|MINERVINO, A - Universidad De Sao Paulo|
|SOARES, H - Universidad De Sao Paulo|
|BARRETO-JUNIOR, R - Federal Rural University Of Pernambuco|
|ALESSANDRI LOBONEVES, K - The Integrated Facilities Of Tapajos|
|PENA, H - Universidad De Sao Paulo|
|ORTOLANI, J - Universidad De Sao Paulo|
|GENNARI, S - Universidad De Sao Paulo|
Submitted to: Journal of Zoo and Wildlife Medicine
Publication Type: Peer Reviewed Journal
Publication Acceptance Date: 5/17/2010
Publication Date: 9/1/2010
Citation: Minervino, A.H., Soares, H.S., Barreto-Junior, R.A., Alessandri Loboneves, K., Pena, H.F., Dubey, J.P., Ortolani, J.L., Gennari, S.M. 2010. Seroprevalence of Toxoplasma gondii antibodies in captive wild mammals and birds in Brazil.. Journal of Zoo and Wildlife Medicine. 41:572-574.
Interpretive Summary: Toxoplasma gondii is a single-celled parasite of all warm-blooded hosts worldwide. It causes mental retardation and loss of vision in children, and abortion in livestock. Cats are the main reservoir of T. gondii because they are the only hosts that can excrete the resistant stage (oocyst) of the parasite in the feces. Humans become infected by eating undercooked meat from infected animals and food and water contaminated with oocysts. This paper reports on prevalence of T. gondii antibodies in wildlife in Brazil. The results will be of interest to biologists, parasitologists, public health workers, and veterinarians.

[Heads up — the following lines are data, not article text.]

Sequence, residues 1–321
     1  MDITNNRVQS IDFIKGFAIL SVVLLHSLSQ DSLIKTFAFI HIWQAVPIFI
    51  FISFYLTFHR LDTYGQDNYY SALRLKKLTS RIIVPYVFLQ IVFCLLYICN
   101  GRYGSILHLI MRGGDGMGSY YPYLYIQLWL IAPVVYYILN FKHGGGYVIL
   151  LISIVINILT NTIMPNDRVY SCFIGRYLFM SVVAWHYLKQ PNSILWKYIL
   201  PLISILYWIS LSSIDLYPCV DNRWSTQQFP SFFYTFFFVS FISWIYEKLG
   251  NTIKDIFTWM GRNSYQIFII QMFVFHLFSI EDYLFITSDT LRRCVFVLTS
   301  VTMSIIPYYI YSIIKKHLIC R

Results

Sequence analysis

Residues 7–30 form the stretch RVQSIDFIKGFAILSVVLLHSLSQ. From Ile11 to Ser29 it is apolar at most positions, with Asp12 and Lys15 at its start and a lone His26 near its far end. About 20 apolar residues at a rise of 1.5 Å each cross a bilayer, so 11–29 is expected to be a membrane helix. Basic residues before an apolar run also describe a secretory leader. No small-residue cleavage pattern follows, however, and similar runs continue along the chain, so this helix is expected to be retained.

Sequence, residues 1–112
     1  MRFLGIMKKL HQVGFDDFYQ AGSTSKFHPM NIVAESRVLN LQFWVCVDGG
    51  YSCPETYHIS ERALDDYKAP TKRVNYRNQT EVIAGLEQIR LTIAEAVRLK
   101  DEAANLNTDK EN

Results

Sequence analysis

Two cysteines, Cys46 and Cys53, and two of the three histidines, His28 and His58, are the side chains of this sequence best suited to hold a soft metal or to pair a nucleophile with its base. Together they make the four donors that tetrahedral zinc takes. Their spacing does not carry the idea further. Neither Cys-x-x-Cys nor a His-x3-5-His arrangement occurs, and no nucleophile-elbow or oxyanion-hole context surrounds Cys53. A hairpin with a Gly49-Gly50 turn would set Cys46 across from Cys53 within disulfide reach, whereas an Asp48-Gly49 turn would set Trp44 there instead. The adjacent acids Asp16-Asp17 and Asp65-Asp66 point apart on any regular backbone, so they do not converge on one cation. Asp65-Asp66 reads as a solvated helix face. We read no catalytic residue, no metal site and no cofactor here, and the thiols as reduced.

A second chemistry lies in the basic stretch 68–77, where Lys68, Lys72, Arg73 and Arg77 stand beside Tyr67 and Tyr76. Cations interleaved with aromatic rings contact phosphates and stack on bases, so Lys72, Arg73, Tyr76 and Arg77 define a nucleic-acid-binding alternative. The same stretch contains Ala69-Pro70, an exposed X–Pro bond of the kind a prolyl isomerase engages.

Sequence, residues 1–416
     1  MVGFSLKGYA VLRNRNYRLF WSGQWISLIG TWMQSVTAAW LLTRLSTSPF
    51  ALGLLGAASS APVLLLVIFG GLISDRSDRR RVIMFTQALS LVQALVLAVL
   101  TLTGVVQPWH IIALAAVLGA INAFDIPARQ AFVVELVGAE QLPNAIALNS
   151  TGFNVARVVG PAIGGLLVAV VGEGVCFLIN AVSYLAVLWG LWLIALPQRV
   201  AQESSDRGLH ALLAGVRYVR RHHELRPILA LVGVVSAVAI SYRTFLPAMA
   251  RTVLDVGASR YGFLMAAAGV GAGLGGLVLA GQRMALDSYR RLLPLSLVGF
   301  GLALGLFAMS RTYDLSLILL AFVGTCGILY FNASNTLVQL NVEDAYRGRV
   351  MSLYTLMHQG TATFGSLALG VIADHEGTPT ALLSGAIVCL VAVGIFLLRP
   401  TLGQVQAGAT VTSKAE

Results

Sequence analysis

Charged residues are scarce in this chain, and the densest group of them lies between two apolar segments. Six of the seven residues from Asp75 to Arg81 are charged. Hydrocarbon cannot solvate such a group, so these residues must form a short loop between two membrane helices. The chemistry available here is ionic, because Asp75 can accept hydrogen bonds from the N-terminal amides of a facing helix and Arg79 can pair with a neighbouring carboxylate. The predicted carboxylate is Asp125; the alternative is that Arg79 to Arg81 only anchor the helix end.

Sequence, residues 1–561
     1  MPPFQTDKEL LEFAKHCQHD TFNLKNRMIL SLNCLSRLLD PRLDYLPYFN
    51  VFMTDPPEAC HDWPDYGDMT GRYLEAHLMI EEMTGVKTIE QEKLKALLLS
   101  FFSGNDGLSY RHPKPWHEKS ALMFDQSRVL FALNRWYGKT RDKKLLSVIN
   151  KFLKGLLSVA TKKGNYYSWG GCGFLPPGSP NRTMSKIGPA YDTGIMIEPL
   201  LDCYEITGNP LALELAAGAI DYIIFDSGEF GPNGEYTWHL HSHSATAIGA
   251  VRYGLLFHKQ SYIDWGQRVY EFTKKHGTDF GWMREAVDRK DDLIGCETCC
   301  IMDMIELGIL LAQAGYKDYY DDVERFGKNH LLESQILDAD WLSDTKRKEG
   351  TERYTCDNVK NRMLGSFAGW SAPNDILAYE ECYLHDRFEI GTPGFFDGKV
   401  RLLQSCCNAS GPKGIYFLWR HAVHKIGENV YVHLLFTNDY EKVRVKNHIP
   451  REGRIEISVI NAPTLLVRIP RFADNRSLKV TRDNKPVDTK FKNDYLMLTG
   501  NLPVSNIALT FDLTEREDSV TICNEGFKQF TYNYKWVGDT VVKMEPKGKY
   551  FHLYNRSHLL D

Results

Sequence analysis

Technical Abstract: In this study serum samples of 203 animals from different locations from zoos and breeding facilities from the north and northeast region of Brazil were analyzed for the presence of anti-Toxoplasma gondii antibodies by the modified agglutination test (MAT) with a cutoff of 1:25. Of the sampled animals, 184 were adult mammals of both sexes and the 19 were from birds. Antibodies were found in 61 of 184 mammals and no association between sex and age of the animals with the presence of T. gondii antibodies was observed (P <0.05). Anti-T. gondii antibodies were not found in birds. T. gondii was detected in Tapirus terrestris for the first time in this species.